- Job profile: It may seem easy as people sit, think and strategize but to be able to get the approval of the board for the new growth strategy, you need to present a lot of evidence as support for whatever you’re prescribing. Let’s look at the main functions of this job profile. First, you need to do many analyses – SWOT, Competitors’ analyses, PESTEL analyses, the cost of going into a new market or creating a new product, etc. Then once you’re done with the analyses, you would be able to design a strategy via which the organization can take the leap into new territory. After designing the strategy, you need to present the strategy in front of the board of directors. You also need to show them evidence of why you’re going in this route and not any other route. If they approve, now it’s time to chunk down the whole strategy into do-able parts so that the execution becomes easier. Once chunking down is done, the responsibility of achieving these objectives are properly allocated to the departments (marketing, finance, human resource). The final step is constant monitoring or creating a feedback loop so that the implementation doesn’t get halted in between.
- Skills required: From the job profile, you understood that it’s not for people who don’t have a passion for learning new things. Because you need to know a lot more to be able to design a useful strategy until you know how things work in business, how to find out which territory to pick, which product to drop, which cost control measures to take, and what things to accelerate, you won’t be able to do much about planning and strategy. The future of the whole organization lies on the strategy you would make. So you can understand the responsibility. Here are the skills you need to have to design and implement corporate strategy – financial skills (without which you can’t do any analyses on your own, and you need to depend on others’ inputs), ability to understand human resources (you need to have an understanding about human capital so that the right work gets attributed to the right person while implementing the strategy), marketing and business development (business doesn’t grow in a vacuum, you need to know how to understand the preferences of customers and fulfilling them) and overall business knowledge. The good news is having knowledge in financial modeling will help you compute return on investment, IRR, and NPV of projects, how to make strategic investments, how to do a market analysis, and how to lend, borrow and think about mergers and acquisitions.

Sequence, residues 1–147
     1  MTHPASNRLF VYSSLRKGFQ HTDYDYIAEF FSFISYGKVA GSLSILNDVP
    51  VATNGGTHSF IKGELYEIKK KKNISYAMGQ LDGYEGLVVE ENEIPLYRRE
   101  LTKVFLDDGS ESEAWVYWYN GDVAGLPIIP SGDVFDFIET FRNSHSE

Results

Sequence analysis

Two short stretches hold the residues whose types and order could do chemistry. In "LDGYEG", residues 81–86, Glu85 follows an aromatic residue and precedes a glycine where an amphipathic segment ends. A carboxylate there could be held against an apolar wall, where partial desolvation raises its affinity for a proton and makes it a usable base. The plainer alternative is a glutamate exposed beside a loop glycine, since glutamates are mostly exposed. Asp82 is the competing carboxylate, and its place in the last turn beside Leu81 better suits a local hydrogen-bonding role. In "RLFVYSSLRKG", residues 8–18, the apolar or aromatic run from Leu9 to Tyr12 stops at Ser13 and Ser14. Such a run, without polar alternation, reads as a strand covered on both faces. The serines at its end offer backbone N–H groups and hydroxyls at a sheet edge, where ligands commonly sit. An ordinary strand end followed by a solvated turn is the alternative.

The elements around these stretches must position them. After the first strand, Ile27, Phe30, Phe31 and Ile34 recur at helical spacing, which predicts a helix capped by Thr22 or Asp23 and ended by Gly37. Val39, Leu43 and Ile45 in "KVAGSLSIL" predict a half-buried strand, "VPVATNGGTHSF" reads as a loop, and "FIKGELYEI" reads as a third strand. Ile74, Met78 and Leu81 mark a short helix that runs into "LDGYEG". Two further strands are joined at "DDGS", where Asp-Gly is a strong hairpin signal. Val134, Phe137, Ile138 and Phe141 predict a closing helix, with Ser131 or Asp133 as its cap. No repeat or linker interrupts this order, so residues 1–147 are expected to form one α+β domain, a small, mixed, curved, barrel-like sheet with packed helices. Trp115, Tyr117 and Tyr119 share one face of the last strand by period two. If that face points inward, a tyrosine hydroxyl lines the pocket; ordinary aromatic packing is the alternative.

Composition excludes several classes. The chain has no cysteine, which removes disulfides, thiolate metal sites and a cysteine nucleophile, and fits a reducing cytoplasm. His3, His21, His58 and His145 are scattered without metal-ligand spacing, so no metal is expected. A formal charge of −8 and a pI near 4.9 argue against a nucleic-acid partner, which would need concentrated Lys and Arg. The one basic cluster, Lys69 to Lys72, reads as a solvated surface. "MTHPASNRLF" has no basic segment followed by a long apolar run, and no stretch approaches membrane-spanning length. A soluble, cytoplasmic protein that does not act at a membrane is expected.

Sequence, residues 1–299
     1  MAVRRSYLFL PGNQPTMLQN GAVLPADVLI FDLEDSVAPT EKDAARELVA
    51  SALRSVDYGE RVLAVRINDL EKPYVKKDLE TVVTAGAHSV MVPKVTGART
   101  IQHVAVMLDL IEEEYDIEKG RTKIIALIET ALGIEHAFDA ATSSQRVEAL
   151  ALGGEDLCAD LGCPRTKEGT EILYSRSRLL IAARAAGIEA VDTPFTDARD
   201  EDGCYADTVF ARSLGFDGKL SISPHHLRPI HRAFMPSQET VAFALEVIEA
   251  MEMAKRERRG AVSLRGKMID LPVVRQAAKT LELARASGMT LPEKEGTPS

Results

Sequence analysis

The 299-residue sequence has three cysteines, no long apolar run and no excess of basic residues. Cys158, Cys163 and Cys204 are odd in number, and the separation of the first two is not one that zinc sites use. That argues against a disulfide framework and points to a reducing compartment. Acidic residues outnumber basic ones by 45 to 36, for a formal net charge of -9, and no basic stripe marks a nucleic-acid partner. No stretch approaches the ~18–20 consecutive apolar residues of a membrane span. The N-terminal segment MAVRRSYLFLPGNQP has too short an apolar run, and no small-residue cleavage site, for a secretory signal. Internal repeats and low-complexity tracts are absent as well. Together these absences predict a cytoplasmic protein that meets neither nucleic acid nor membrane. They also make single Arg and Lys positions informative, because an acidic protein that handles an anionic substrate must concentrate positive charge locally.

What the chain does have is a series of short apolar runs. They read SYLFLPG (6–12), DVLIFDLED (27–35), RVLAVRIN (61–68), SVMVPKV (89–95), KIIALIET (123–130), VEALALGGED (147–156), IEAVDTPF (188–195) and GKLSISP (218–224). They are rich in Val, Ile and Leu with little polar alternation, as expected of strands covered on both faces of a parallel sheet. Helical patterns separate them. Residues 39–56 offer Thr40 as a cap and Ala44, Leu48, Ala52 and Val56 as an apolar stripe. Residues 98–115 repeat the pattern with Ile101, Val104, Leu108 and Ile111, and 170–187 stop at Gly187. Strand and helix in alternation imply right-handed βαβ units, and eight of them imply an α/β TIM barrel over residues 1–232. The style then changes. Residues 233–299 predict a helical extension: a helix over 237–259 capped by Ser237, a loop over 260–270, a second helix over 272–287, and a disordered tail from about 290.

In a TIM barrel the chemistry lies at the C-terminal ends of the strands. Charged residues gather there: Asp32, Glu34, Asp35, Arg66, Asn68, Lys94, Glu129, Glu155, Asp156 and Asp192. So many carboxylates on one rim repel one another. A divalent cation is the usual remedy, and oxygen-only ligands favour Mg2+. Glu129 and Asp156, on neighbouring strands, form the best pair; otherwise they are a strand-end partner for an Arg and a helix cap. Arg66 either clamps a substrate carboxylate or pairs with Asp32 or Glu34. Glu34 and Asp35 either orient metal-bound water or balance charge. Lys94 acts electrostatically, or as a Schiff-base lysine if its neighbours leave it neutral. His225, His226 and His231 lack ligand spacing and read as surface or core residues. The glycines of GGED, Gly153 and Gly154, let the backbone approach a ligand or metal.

- Compensation: It’s assumed that the compensation of corporate strategy manager would be more than six figures. The average salary of a corporate strategy manager is the US $106,745 per annum.
#4 – Due Diligence
If you are one of those who like to investigate more about the pragmatism of anything, you’re the perfect fit for this sort of profile. Read on to know more about it.
- Job profile: If we need to explain this profile in two words, it would be – feasibility analysis. The job profile of due diligence is primarily attached to the following functions –
- You need to go through the business plans and find out portions that seem unrealistic.
- You need to question the assumptions and expectations of business so that the organization can stand on a solid base.
- Lastly, but the most important is the feasibility analyses of commercial plans, strategic moves, business expansion, and business intelligence.
- Skills required: You may ask that if this profile needs any requirement of financial modeling! The straight answer is not directly. But the truth of the matter is if you don’t know financial modeling, it would be impossible for you to make the diagnosis of whether the business plan, strategic moves, and business expansion are feasible or not.
- Compensation: If you want to pursue a career in due diligence, you would be getting around the US $62,561 per annum on an average. But you need to have thorough knowledge in due diligence to receive that range of salary.
#5 – Business Development (Bidding)
Your job as a business developer (being part of the bidding team) is to explore territories and venture into new geographies, products, tenders, etc. Read on to know how exciting this field is for professionals who know financial modeling.